• RGGI Below Cap. According to a report by Environment Northeast, recent data indicates that 2008 greenhouse gas emissions in the states participating in the Regional Greenhouse Gas Initiative have been on average 16% below the cap, due to declining electricity use, increasing fuel price diversity, the economic downturn, and increases in non-greenhouse gas emitting generation. The report also predicts that emissions are unlikely to remain as low in 2009, due in part to the drop in oil and coal prices.


  • UN Climate Chief Supports Additional High-Level Meeting in 2009. Yvo De Boer, Executive Secretary of the United Nations Framework Convention on Climate Change, said that an additional ministerial-level meeting of climate change negotiators next year could be beneficial for achieving progress on a successor treaty to the Kyoto Protocol. There is only one ministerial-level Conference of the Parties – which was held in Poznan, Poland, earlier this month – before the ministers are expected to reach final agreement on a successor treaty in Copenhagen, Denmark in December 2009. Mr. De Boer said that an additional Conference of the Parties could allow the Administration of U.S. President-Elect Barack Obama to become more fully involved in the negotiations. Reengagement of the U.S. in the international climate negotiations is seen as a key to the development of an effective international climate treaty. Officials from the European Union have expressed support for the addition another high-level meeting to the climate negotiation schedule.
  • EU Parliament Approves Extensive Climate Package. The European Union passed a six-part climate package that will guide the bloc's response to climate change. The extensive package includes binding targets for renewable energy generation; revisions to the EU Emission Trading Scheme (ETS); mandatory emission reduction goals for economic sectors not covered by the ETS; new vehicle CO2 emission standards; geologic carbon capture and sequestration provisions; and transportation fuel quality standards. The climate package was approved last week by the 27 EU heads of state but could not become law until passed by both the EU Parliament and the EU Council. The climate package will now be sent back to the EU Council for formal adoption by the member states.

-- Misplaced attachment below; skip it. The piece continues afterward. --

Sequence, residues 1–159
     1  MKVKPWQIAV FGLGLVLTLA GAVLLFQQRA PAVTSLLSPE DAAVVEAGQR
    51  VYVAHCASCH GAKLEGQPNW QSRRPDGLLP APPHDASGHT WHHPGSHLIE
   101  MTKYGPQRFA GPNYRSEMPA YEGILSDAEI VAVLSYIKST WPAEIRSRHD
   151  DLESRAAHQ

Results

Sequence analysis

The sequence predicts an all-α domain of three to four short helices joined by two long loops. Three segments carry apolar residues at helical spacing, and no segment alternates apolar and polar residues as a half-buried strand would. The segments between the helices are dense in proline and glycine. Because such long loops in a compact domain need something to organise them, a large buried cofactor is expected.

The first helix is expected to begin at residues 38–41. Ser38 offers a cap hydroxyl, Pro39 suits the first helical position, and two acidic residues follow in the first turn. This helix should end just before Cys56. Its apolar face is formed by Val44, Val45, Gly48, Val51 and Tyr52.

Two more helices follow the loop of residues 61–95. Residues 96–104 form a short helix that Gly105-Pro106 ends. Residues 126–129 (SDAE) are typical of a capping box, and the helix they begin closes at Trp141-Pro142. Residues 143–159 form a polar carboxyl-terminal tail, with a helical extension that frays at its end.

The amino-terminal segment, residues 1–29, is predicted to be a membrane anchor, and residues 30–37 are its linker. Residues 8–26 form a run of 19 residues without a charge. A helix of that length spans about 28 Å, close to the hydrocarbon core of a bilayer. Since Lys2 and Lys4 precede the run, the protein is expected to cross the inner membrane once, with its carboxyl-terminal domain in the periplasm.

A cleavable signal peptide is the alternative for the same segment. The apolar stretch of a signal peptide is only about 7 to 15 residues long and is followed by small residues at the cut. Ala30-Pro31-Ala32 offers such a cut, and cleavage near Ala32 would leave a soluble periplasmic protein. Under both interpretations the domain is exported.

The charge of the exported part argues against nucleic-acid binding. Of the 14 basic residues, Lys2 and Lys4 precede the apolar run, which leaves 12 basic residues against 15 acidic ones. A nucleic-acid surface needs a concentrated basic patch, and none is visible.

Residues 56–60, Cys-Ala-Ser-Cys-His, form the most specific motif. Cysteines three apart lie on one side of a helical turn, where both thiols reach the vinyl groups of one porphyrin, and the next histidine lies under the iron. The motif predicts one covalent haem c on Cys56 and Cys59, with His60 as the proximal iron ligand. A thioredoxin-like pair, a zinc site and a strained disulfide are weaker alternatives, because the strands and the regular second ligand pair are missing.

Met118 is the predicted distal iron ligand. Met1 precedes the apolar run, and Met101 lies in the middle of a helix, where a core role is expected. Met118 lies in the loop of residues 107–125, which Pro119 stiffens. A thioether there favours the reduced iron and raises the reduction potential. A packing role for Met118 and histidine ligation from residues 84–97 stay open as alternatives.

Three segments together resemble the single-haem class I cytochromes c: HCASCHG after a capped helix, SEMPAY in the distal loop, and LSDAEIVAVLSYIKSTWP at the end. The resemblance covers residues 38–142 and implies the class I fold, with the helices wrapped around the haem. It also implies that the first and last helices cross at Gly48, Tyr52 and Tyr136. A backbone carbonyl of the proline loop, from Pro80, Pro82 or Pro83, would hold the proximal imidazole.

• U.S., Germany Announce Climate Partnership. The United States and Germany announced a climate partnership under which the two nations will cooperate in their response to climate change. The partnership, called the Transatlantic Climate Bridge, will involve cooperation between federal and state officials, business leaders, and academics on issues related to energy efficient buildings and transportation, carbon capture and storage, and emissions trading.
  • Australia Establishes Mid-Term Emissions Target. Prime Minister Kevin Rudd announced that Australia has adopted a mandatory mid-term GHG reduction target. Under the target, Australia would reduce its emission to 5 percent below 2000 levels by 2020. A more stringent target of 15 percent below 2000 levels would go into effect if an international climate change agreement is reached that would require all major economies to substantially reduce their GHG emissions and advanced economies to make reductions comparable to Australia's. Australia proposes to achieve the emission reductions through a carbon pollution reduction scheme (CPRS) beginning July 1, 2010. The CPRS would be a cap-and-trade program applicable to 1,000 major emitting facilities that would incorporate allowance banking and borrowing, unlimited use of credits created under the Kyoto Protocol's Joint Implementation and Clean Development Mechanism, and a price cap set at A$40 (US$26.6) in 2010 that will be phased out completely within five years.

The content of this article is intended to provide a general guide to the subject matter. Specialist advice should be sought about your specific circumstances.